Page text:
Every once in a while a little earworm gets stuck in my head out of nowhere: “We love the subs! ’Cause they are goooood to us!” The undeniable catchiness of the Quiznos jingle (and the grotesquerie of the spongmonkeys who sang it) burned this 2004 commercial into many brains, for better or worse. The Denver Business Journal reported at the time that certain locations’ same-store sales dropped as much as 30% after these ads ran, and some workers were even chastised by customers who said the ads terrified their children. But on the plus side, nearly 20 years later, I’m still thinking about it. And every time that jingle reemerges from my memory, I can’t help but wonder: What’s Quiznos up to these days?
The answer, in 2022, turns out to be “a whole lot, actually.” According to QSR Magazine, the sandwich chain is gearing up for a total makeover of its kitchens, service models, and menu. The restaurant might have seemingly lain dormant for the past decade or so, but we are blessedly about to enter a Quiznos renaissance. It’s about damn time.
It’s been a rough decade or so for Quiznos. In the late 2000s, the chain had nearly 5,000 locations in the United States, QSR Magazine reports, a figure that has now dipped below 200. The company declared bankruptcy in 2014, and in 2018 it was bought by private equity firm High Bluff Capital and was absorbed into the REGO Restaurant Group, which also handles Seattle-based chain Taco Del Mar. It’s the team at REGO that is now hoping to revitalize Quiznos, starting with a new location in Hobbs, New Mexico.
“The new restaurant is really a redesigned and reimagined Quiznos, built truly to evolving consumer interest,” REGO vice president of marketing and digital experience Brent Phillip told QSR. “So it is founded on extensive research that was done prior to the pandemic and through the pandemic for what should Quiznos look like and feel like in terms of consumers experience, to provide them what they’re seeking today, but also really truly ‘wow.’”
Photos of the new design seem aligned with the style we’re seeing at several fast casual chains like Chipotle, Sweetgreen, and Shake Shack: sleek and modern architecture with strategic dashes of color (in this case, bright green and neon orange). In the kitchen, the biggest changes are the addition of a flat-top grill and deep fryer, allowing for more menu creativity. The Hobbs location will also be the first to have a drive-thru, likely a response to COVID-era preferences.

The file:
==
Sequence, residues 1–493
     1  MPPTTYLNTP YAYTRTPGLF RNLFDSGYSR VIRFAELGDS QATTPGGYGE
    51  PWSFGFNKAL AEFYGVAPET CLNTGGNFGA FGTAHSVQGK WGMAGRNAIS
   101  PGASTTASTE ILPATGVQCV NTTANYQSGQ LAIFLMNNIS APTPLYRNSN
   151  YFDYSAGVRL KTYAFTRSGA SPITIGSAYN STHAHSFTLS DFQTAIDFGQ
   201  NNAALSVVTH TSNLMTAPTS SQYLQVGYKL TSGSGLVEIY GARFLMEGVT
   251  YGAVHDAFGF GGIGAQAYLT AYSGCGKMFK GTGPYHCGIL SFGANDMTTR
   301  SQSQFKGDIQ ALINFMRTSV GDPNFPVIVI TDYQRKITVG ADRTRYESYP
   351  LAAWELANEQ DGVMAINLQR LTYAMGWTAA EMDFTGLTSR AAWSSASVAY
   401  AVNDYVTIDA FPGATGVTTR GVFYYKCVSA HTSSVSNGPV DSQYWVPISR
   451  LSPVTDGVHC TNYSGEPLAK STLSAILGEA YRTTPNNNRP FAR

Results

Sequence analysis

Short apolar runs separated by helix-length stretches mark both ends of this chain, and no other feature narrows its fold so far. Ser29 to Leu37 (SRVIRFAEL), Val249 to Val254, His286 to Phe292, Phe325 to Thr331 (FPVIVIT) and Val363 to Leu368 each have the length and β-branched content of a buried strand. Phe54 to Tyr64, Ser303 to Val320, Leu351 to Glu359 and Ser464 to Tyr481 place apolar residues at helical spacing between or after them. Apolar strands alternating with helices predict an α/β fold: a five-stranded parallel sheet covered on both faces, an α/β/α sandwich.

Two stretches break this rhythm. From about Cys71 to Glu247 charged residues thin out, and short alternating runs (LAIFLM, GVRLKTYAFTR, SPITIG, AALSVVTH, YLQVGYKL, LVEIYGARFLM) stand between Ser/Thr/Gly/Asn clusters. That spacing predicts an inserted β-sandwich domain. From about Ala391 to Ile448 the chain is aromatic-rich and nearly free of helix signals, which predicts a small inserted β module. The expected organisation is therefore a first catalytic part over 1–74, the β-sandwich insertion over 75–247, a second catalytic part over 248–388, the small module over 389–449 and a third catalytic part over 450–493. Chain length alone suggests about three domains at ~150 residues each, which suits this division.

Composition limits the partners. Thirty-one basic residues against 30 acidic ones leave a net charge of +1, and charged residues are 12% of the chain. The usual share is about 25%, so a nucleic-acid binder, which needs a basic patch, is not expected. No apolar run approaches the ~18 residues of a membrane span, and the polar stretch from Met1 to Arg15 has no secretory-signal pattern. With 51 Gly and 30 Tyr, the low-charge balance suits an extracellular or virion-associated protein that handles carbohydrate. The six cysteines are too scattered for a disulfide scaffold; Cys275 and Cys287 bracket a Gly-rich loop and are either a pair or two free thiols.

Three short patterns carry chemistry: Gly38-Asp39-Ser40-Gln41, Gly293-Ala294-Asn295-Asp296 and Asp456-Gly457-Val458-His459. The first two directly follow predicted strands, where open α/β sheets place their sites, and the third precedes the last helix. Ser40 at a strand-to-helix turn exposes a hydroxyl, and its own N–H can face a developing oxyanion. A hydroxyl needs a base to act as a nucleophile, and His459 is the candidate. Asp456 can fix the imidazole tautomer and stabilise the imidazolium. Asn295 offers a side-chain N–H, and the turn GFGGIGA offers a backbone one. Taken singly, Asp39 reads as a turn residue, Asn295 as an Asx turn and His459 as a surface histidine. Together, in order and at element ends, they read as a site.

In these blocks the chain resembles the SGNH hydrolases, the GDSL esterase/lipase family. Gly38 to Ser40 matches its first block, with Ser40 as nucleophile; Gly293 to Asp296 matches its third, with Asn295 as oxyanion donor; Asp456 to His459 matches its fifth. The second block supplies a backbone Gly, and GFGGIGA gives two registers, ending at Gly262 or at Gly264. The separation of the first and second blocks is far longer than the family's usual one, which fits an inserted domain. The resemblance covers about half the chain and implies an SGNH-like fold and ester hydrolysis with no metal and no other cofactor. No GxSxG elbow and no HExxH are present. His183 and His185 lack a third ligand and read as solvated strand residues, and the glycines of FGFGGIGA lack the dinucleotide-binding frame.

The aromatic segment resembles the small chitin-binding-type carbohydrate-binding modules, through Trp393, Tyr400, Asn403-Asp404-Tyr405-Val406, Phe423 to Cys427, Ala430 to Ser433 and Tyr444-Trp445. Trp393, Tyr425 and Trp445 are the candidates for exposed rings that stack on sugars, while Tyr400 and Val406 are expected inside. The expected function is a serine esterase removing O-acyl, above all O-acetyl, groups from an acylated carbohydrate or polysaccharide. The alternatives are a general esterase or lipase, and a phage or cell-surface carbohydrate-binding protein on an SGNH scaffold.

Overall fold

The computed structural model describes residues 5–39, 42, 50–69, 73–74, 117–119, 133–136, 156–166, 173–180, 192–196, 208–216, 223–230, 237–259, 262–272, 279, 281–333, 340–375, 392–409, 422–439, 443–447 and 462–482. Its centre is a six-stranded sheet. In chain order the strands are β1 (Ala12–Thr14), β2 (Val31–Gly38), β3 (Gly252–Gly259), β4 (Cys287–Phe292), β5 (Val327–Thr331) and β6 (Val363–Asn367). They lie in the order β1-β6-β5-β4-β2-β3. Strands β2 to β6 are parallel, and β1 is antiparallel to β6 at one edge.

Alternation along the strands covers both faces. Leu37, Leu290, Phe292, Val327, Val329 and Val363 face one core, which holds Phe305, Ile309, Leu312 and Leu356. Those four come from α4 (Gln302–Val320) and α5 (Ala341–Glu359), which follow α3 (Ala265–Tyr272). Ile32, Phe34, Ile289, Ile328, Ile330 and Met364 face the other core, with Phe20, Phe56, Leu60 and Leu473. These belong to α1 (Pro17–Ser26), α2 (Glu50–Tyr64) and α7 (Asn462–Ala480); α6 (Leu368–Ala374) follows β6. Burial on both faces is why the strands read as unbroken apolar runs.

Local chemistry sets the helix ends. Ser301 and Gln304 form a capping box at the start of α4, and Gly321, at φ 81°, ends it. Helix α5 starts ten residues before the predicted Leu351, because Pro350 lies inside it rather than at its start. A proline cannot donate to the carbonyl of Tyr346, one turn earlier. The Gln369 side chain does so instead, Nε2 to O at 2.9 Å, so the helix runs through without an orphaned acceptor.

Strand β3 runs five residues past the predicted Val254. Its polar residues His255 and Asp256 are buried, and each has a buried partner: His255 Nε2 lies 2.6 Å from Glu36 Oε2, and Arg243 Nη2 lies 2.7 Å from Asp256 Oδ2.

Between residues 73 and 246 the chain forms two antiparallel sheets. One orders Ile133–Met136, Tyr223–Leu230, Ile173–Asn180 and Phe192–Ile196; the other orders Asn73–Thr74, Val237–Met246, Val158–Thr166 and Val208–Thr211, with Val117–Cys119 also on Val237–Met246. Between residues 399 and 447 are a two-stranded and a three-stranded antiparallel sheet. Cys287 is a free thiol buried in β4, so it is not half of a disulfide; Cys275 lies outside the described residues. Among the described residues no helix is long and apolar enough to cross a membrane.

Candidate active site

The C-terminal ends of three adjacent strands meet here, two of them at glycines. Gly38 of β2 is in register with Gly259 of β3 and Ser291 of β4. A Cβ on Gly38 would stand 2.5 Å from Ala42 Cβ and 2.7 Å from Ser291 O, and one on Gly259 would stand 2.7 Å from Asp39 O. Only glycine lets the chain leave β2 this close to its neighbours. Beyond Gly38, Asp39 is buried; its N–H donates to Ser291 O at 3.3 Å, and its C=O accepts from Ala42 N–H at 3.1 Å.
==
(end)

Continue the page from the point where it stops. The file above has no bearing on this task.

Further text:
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But perhaps one of the most exciting changes for customers is the upgraded menu. Because Quiznos has fallen out of favor with sandwich lovers based purely on lack of locations, customers aren’t necessarily trained to expect anything in particular from the Quiznos menu and experience in the way that they are for, say, Subway. This gives the brand license to kind of do whatever it wants, so long as it stays in the very wide “toasted sub” lane. Some standouts of the new menu items include the Asian Steak Dipper, the Steakhouse Philly, the Carne Supreme, and Steak and Eggs, the latter being one of several new all-day brunch sandwiches.
As of now, Phillip says the plan is to open a handful of these new designs this year followed by dozens more in 2023, which will lead to a “rather sharp curve” of growth in 2024. The exact locations where these new stores will pop up hasn’t yet been announced, so keep a close eye on any empty storefronts near you, just in case.
Quite frankly, it’s about time Quiznos gets the attention and fix-’em-ups that it deserves. When it hit the scene in 1981, it was the first sub chain to offer toasted sandwiches, something that instantly elevates any lunch. And while places like Subway and Potbelly have tried to replicate the technique, there’s just something about the combination of the bread and oven used that make a Quiznos toast different.
Quiznos doesn’t get nearly enough credit for its innovations. Not only was it the first to normalize toasting your sandwich, it was also an early adopter of the avocado trend by incorporating guacamole heavily into its menu in the early 2000s, years before millennials would be maligned for spending all their money on avocado toast. And the current menu offers something that you can’t get at any other sandwich chain: a lobster sub.
While Quiznos isn’t a build-your-own sandwich shop in the way that Subway is, you can still customize your meal down to the size. Just want a small bite? Get the 4-inch. Starving? Go for the 12-inch. Plus the sides are way more fun than those of your typical sub chain—have you seen bacon jalapeño loaded tots or birthday cake donut holes on offer anywhere else?
And as divisive as the advertising may have been in the past, we’ve gotta give it up for the spongmonkeys, which embody the spirit of a company that’s willing to try anything. There’s nothing wrong with getting a little weird every once in a while and taking a chance on the bizarre. At the very least, it will keep people talking about Quiznos for another 20 years to come.